Those of you who feel the primary reason for travel is the culinary experience may wish to spend much time in Yaowarat, Sampeng, or Talad Noi where dozens of vendors provide vegetarian dishes. If food is just a part of your experience, you will be pleased to note that this festival is celebrated in Thai-Chinese communities throughout the country.
I went to Aranya Pratet, a mid-sized town to the east of Bangkok, near the border of Cambodia. Although much smaller and much less of Chinese heritage, the community sports the bright yellow flags with red writing, that mean that this restaurant or vendor is serving vegetarian food for the festival. This flag system is wonderful for the vegetarian tourist who can look for the flags on the street, in the markets, or wherever food is being served and know that they are serving vegetarian. The word for this version of vegetarianism is most simple to learn as well, it is "J," pronounced like Mr. Leno's first name.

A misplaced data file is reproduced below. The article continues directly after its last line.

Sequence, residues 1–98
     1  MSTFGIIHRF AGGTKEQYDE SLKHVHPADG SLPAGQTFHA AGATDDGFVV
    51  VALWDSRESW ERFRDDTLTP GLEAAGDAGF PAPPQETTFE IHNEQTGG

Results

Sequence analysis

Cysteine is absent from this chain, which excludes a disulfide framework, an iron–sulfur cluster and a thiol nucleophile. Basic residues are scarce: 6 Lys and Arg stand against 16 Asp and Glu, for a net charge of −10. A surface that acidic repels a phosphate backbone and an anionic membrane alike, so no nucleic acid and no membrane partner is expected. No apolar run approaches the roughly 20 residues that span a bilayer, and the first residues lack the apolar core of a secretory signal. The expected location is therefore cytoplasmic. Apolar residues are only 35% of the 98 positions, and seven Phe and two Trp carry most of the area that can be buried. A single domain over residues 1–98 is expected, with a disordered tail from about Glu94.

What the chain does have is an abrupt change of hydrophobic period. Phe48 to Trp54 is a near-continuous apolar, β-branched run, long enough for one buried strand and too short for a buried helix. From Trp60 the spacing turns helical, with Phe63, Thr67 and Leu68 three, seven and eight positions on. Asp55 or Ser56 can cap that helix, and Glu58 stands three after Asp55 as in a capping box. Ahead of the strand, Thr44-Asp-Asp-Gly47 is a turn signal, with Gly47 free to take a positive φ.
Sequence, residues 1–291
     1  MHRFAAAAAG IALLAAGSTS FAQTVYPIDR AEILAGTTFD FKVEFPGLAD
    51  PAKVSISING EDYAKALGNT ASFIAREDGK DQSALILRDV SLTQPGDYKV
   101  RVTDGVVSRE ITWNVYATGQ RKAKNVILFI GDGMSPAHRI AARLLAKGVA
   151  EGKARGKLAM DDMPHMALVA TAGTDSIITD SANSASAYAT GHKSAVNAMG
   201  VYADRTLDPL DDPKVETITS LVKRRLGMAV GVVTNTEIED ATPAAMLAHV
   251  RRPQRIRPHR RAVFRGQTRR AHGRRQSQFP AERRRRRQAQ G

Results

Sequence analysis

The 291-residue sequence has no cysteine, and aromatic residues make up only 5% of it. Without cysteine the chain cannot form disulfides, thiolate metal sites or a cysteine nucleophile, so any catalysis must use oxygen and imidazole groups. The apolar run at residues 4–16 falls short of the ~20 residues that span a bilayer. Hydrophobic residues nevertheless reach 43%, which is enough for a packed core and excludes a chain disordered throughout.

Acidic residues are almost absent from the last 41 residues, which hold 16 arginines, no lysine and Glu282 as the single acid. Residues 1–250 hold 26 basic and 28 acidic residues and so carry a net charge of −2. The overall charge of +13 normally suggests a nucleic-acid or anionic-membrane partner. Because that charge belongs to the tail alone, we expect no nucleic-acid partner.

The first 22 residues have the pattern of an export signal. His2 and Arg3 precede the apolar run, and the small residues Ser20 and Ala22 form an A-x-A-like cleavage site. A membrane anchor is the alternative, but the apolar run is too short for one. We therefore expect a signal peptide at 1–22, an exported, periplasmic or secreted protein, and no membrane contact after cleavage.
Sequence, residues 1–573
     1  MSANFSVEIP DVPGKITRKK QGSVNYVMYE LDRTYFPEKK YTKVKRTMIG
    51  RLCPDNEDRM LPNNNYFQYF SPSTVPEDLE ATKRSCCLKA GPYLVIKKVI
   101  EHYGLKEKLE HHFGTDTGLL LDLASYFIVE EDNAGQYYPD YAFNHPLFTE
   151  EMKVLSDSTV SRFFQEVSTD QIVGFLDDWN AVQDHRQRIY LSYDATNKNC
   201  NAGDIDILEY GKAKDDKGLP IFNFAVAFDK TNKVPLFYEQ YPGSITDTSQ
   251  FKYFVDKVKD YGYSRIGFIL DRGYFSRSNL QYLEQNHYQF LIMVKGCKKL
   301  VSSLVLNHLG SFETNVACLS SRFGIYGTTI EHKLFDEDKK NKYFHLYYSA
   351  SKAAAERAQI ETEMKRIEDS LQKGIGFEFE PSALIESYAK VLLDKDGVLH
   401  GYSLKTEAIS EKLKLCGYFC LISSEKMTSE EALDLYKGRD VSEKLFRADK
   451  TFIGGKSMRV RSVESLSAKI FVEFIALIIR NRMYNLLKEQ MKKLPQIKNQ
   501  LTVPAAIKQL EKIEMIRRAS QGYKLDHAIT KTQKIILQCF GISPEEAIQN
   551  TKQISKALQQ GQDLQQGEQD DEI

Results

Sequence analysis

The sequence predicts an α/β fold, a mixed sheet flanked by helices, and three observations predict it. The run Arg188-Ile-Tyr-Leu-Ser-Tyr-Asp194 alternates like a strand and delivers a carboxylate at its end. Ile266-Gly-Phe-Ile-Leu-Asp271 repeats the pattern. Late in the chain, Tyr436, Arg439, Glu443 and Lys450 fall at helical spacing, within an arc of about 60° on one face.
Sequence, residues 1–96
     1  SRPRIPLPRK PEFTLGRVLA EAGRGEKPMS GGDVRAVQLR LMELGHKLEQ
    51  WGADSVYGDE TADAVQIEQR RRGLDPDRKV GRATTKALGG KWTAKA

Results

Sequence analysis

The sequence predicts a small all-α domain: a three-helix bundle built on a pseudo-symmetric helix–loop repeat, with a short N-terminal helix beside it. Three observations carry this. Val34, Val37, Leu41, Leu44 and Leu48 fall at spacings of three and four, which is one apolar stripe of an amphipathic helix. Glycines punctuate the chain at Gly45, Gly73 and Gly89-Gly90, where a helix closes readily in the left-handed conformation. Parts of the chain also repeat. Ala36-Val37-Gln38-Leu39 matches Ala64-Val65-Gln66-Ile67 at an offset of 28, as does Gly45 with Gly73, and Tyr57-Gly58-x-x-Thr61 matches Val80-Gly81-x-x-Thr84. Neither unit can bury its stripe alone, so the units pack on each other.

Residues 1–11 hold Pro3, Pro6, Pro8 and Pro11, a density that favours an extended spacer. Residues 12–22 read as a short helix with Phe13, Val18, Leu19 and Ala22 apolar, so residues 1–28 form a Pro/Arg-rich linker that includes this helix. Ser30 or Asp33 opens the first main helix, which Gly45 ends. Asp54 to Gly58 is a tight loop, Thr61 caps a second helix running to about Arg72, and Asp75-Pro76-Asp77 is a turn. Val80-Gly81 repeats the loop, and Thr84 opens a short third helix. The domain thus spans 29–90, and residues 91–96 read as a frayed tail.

Centers of celebration and consequently clusters of vendors preparing vegetarian food, are the "rowng 'J." These are halls often associated with Chinese temples where celebrations are held. There are many "rowng 'J" in the more Chinese districts of Bangkok. Aranya Pratet has a "rowng 'J" with vendors of vegetarian noodles, Thai food, Vietnamese food, drinks, and desserts. When I came upon an area near the "rowng 'J" on Maitri Chit Street close to Hualamphong, the main train station of Bangkok, I felt my stomach was not large enough to taste even a third of the delicious vegetarian dishes available there. I found 30 to 40 vendors in this small area with a plethora of choices, and everything was vegetarian.
Talad Noi near the Harbor Department pier and Chareon Panit Street, and Yaowarat Street are two other centers of celebration for this festival. One can tour about almost anywhere in the city and find someone serving some vegetarian food during this festival. I estimate about 15 to 20 percent of the food vendors switch over during the festival. Many larger restaurants also offer vegetarian menus during this period. Attending a book fair at the convention center, I found a whole wing of the cafeteria had been converted. In the market area by Sirirat Hospital near my house, I had some faux duck noodles and could pick up a variety of Thai curries to take home with vege-meats or tofu rather than the usual chicken, pork, or seafood.